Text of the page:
Trauma counseling is a counseling process that helps individuals who have developed symptoms associated with Post-Traumatic Stress Disorder (PTSD) after experiencing traumatic events.
Counseling for trauma typically focuses on the symptoms, thoughts and feelings related to the original event or series of events. This type of counseling can help an individual understand their reactions, cope with memories and rebuild trust in others. It may also be known as Critical Incident Stress Management (CISM) or Critical Incident Debriefing (CID).
There are many different kinds of traumatic experiences that can lead to emotional distress, including combat exposure, physical assault, natural disasters, sudden illness or injury in oneself or loved ones, unexpected death of a loved one, and sexual or emotional abuse.
Trauma recovery can include individuals or groups after any kind of traumatic happening. The goals of counseling are to help victims understand their reactions and symptoms and regain feelings of control while addressing memories of the event. A mental health professional can also help people connect with others in times of need and deal with mental health symptoms such as guilt, anxiety and depression, as well as relationship issues.
Mental health services for trauma will usually be more effective if it includes:
1) Teaching coping skills;
2) Exploring thoughts and feelings about the traumatic events;
3) Finding ways to rebuild trust;
4) Dealing with symptoms such as nightmares, intrusive thoughts, flashbacks and severe anxiety;
5) Strengthening supportive relationships.
What Is PTSD?
Post-traumatic stress disorder (PTSD) is a mental health condition triggered by trauma. Symptoms can include re-experiencing the traumatic event, avoiding situations that remind you of the event, feeling numb or detached from others, feelings of volatility and guilt about surviving when others didn’t. It’s important to note that PTSD isn’t a sign of weakness; it’s an understandable reaction to very scary events.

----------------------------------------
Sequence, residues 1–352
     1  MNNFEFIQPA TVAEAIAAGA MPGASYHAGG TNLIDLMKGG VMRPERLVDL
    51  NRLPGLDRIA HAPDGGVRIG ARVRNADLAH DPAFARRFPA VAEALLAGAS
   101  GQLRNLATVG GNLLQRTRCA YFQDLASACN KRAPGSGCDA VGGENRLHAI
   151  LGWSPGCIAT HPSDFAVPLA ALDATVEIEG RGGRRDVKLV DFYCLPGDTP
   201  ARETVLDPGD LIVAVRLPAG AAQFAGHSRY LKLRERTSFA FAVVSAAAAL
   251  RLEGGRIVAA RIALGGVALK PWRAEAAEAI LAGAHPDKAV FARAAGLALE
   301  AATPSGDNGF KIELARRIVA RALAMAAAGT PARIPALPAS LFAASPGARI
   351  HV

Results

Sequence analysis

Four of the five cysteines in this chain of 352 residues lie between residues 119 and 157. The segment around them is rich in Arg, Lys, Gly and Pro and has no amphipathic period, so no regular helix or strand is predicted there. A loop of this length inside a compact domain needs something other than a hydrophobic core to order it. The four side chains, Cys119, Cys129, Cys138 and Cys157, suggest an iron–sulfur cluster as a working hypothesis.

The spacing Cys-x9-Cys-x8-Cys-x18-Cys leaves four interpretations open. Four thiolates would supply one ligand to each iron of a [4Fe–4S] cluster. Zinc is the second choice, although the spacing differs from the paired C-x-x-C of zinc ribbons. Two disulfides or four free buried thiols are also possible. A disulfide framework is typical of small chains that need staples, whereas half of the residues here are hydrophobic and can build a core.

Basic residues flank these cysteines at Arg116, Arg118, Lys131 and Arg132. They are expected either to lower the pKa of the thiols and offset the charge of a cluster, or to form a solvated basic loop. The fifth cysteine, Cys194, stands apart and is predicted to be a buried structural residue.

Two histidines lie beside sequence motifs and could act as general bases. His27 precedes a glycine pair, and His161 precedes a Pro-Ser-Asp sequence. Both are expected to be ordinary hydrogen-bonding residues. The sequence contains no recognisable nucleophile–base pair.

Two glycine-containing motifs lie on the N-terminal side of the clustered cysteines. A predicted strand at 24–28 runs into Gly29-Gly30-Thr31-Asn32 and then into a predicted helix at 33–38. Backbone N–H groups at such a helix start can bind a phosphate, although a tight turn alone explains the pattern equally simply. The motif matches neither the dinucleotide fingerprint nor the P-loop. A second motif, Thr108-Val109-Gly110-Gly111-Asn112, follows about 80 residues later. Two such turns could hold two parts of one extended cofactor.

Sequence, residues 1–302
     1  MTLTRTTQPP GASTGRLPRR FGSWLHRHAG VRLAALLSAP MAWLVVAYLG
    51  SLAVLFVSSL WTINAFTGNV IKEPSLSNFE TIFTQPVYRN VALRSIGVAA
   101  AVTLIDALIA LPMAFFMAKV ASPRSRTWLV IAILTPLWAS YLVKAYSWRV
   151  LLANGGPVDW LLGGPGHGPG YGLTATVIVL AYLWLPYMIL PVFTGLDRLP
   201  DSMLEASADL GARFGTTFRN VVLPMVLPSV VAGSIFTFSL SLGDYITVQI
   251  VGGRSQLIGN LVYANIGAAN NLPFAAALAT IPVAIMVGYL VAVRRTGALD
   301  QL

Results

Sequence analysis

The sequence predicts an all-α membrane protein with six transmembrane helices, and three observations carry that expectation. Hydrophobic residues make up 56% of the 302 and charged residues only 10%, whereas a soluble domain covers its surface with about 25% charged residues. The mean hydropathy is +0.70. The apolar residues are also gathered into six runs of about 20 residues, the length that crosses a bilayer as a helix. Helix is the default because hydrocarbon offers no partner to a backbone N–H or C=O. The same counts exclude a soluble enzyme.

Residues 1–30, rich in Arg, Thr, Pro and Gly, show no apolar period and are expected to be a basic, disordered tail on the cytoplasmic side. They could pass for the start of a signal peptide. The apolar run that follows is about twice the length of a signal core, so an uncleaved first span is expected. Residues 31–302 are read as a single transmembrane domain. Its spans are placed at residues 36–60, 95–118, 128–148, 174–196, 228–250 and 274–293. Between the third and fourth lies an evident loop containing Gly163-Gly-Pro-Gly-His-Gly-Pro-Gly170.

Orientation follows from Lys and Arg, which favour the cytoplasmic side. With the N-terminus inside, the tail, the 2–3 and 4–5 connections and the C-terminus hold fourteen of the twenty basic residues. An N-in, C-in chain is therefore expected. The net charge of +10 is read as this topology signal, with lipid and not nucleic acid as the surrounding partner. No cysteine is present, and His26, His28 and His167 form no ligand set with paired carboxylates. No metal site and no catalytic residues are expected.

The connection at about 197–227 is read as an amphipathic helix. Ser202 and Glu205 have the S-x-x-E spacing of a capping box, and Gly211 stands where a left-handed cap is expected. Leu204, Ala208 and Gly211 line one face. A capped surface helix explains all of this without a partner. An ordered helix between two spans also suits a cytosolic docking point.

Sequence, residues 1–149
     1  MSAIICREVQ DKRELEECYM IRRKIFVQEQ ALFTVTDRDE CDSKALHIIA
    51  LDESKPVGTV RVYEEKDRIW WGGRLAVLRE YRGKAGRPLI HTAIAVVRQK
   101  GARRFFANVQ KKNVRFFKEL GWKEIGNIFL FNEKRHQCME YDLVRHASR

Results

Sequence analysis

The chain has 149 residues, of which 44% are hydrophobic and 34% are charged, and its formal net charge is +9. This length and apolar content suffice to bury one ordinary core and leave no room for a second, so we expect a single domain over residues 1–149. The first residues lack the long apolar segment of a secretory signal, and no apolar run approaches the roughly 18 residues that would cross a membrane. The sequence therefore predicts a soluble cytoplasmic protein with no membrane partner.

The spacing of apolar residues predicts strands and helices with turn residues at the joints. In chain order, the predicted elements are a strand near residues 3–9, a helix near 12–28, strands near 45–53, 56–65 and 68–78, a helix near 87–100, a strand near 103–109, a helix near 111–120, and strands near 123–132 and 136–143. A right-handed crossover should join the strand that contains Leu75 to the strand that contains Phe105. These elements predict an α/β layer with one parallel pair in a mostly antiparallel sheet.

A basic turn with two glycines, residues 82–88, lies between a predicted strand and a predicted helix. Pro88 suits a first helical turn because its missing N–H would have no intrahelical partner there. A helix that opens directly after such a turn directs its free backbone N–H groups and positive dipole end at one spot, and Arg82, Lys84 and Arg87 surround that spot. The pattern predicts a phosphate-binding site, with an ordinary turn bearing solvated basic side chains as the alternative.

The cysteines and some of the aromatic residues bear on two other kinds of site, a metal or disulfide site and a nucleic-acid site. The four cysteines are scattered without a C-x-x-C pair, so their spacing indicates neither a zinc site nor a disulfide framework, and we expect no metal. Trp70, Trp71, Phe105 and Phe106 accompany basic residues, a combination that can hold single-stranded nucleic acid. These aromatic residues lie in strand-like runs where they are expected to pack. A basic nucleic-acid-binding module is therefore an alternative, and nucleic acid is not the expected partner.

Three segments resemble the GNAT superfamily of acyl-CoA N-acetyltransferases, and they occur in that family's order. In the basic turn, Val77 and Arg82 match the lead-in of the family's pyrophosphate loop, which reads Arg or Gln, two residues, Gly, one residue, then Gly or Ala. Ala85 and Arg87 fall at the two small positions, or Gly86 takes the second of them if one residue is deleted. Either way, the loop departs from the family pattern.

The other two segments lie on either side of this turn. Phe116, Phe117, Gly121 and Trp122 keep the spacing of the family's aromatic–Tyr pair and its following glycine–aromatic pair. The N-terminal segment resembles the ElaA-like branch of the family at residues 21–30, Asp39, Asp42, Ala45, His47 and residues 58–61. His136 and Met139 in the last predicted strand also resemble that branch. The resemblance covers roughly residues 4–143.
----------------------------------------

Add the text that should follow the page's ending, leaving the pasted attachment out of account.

Symptoms of PTSD usually start within three months after a traumatic experience but sometimes develop years afterward. The symptoms are different for each person depending on many factors such as age, culture, experiences with past traumas and severity of the current trauma. For some people, they may last only a few weeks whereas for others they may become chronic problems that seem impossible to overcome.
How PTSD Therapy Can Help
PTSD counseling is most effective when started soon after the trauma, but it can help at any time. Therapy involves teaching the client to calm down and focus, then exposing him or her via memory or imagination to the specific thoughts and feelings that accompany traumatic memories. The client is taught coping skills to use for anxiety, anger and other difficult emotions that may interrupt daily life.
This type of therapy usually lasts three months to a year. It’s often helpful to have support from family members during this period, so they understand what is going on and don’t inadvertently interfere with treatment by treating the person as if he or she has a “weakness.”
Well Spring Counseling Is Here To Help!
If you or a loved one is suffering from trauma and PTSD, please give us a call at (208) 522-4885. Our therapists are committed to helping with the emotional impact of trauma and PTSD. Therapy options for this condition usually includes:
1. A thorough assessment will determine what type of therapy would best help you or your loved one overcome the effects of trauma and PTSD.
2. We understand that this can be an extremely difficult time in your life, so we work hard to make sure all our clients feel as comfortable as possible during their counseling sessions. Please visit our Staff page and meet some of the people who will be working with you or your loved one.
3. Ongoing therapy sessions that can include individual, couple/relationship, family and group therapy. We understand that some people require more than one type of treatment to help overcome trauma symptoms.
4. Medication can be helpful in severe cases if the client is not responding to psychotherapy alone. Please discuss this with our mental health professionals.